It wasn't until decades later that a history professor at the University of South Carolina - Robert E. Herzstein - began poking around in the archives, and found evidence of Kurt Waldheim's extensive service in the Balkan killing fields. At first Dr. Waldheim couldn't remember being anywhere near there. Then he claimed he was only as a translator, not an intelligence officer. Later, when his memory was refreshed, he couldn't remember witnessing anything irregular.
Nor was there anything in the archives to connect the distinguished diplomat to those atrocities, at least not until a "W" for Waldheim appeared on an interrogation report of a British commando who'd been executed. Lt. Waldheim also signed off on the text of a propaganda leaflet dropped behind Russian lines: "Enough of the Jewish war, kill the Jews, come over."
But that was just your standard anti-Semitic leaflet. And shooting Allied prisoners caught behind the German lines wasn't unusual. There was nothing personal about any of it. There never was with Kurt Waldheim; impersonality was his trademark, bureaucratic routine his protective coloration.
Kurt Waldheim played a purely clerical role in those atrocities. He might as well have been a typewriter for all the soul the job required. Just as later, as secretary-general of the United Nations, he would stand by when the General Assembly passed its infamous Zionism-Is-Racism resolution.
When the Israelis pulled off their daring rescue mission at Entebbe on July 4, 1976, saving a planeload of passengers who'd been hijacked to Idi Amin's murderous domain, it was Secretary General Waldheim who objected that the raid constituted "a serious violation of the national sovereignty of a United Nations member nation."
Dr. Waldheim was always a stickler for procedure. The man was no hater; he was a bureaucrat. Terrible things might be done by the Wehrmacht, or approved by the UN, but he only worked there. He just saw to it that the paperwork was in order. Whatever crimes he made possible, nobody ever accused Kurt Waldheim of being less than professional.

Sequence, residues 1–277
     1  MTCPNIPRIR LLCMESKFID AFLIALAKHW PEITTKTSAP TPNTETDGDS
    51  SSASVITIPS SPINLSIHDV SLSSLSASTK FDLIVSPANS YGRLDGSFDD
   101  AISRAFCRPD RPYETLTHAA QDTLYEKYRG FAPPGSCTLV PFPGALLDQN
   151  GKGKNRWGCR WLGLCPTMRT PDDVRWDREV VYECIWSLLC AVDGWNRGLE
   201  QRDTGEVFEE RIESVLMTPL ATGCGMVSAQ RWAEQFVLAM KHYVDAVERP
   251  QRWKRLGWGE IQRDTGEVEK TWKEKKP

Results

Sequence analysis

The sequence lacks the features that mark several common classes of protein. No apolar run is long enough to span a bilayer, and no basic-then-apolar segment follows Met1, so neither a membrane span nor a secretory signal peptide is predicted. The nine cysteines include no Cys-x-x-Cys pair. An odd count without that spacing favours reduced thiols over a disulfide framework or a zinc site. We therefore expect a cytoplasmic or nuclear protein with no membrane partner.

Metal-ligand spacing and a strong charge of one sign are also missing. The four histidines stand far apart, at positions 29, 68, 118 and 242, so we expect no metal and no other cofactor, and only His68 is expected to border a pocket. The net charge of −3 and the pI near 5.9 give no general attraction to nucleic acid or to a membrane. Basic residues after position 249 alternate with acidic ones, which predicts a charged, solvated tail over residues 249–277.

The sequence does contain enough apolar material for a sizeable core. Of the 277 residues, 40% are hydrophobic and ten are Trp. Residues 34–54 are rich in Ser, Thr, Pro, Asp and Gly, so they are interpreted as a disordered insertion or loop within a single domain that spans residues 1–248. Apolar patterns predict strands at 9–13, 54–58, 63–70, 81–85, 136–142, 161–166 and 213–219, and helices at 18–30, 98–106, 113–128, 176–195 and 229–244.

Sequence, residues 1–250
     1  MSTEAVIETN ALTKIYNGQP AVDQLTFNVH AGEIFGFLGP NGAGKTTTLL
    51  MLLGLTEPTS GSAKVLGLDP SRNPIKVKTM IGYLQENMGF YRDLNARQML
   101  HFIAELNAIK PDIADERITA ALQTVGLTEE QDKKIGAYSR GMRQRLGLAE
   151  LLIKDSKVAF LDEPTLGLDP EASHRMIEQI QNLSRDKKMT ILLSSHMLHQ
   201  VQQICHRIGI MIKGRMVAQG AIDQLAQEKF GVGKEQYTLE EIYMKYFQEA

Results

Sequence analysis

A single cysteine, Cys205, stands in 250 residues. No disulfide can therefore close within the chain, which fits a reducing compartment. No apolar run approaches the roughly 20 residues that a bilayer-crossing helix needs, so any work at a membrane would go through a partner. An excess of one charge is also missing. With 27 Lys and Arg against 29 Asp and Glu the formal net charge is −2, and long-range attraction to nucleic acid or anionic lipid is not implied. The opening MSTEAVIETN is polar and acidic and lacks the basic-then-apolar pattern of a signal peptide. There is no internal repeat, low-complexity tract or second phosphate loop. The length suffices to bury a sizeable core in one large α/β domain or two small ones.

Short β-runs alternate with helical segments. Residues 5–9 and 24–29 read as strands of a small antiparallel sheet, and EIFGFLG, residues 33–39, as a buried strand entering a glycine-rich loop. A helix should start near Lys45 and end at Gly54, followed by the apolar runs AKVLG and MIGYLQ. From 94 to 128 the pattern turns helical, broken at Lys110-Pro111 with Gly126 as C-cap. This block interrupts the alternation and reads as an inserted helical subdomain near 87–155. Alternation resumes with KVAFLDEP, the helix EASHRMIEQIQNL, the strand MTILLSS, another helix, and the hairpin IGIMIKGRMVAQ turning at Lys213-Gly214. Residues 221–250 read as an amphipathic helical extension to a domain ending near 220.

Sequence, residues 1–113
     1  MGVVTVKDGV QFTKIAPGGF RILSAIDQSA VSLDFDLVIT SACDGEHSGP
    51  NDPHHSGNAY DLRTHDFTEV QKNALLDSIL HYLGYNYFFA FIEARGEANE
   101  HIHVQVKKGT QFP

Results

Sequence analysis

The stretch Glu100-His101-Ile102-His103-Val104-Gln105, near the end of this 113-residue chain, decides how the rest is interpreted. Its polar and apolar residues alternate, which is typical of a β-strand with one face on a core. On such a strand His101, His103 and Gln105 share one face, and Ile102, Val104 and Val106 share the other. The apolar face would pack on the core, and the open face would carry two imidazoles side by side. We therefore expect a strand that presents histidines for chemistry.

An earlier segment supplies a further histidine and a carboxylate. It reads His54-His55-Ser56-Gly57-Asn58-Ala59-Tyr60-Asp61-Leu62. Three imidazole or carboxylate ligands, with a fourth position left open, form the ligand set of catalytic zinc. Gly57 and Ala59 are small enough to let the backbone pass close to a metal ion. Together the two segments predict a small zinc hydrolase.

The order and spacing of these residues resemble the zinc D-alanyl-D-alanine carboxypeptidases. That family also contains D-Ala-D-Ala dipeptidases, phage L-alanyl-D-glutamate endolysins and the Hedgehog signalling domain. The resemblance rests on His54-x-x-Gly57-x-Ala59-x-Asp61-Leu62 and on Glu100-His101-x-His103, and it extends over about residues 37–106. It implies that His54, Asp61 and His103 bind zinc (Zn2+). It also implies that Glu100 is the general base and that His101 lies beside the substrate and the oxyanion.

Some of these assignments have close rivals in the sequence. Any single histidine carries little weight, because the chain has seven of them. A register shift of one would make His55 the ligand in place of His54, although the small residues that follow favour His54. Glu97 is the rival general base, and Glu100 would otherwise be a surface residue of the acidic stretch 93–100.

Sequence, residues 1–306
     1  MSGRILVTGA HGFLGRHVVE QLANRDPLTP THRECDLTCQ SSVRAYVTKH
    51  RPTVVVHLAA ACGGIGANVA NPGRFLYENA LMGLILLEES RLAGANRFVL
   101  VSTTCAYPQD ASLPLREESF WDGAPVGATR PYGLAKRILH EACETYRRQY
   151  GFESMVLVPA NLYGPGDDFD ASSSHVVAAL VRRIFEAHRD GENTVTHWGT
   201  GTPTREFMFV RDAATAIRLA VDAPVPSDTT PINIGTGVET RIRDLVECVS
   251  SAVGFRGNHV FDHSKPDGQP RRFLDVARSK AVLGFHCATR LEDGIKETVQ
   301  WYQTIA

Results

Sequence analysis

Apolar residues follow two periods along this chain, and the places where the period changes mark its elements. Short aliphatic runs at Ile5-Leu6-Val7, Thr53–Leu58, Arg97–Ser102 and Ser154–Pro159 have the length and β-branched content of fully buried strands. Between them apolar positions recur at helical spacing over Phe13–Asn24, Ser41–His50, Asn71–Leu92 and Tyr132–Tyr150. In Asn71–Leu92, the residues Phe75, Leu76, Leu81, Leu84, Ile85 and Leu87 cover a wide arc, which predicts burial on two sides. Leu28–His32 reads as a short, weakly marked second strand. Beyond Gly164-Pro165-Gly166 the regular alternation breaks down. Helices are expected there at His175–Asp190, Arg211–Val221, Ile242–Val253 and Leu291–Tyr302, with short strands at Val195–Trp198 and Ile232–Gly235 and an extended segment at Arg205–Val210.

Hannah Arendt, in her memorable study of Adolf Eichmann, had a term for this depersonalized modern phenomenon: the banality of evil. Pre-20th century hatred could be a messy, disorganized thing. Modern technology and organization made it an industrial science.
A war criminal? Kurt Waldheim only signed things in his official capacity; he never did them. Later he would always seem perplexed, and not a little irritated, that some thought he should be held responsible for every little scrap of paper he'd ever initialed. His accusers were looking for blood on his hands and all they ever found was ink. He would die in bed. At 88.
What is to be said of Kurt Waldheim on his death? One might as well try to judge a machine. And yet attention must be paid. Because large organizations-armies, governments, corporations, international agencies-have no conscience of their own. They must depend on individuals to supply it. And when an individual with some administrative skill not only follows orders, but refines and processes and initials them, making sure they will prove highly effective, there is no limit to the evil that can be accomplished.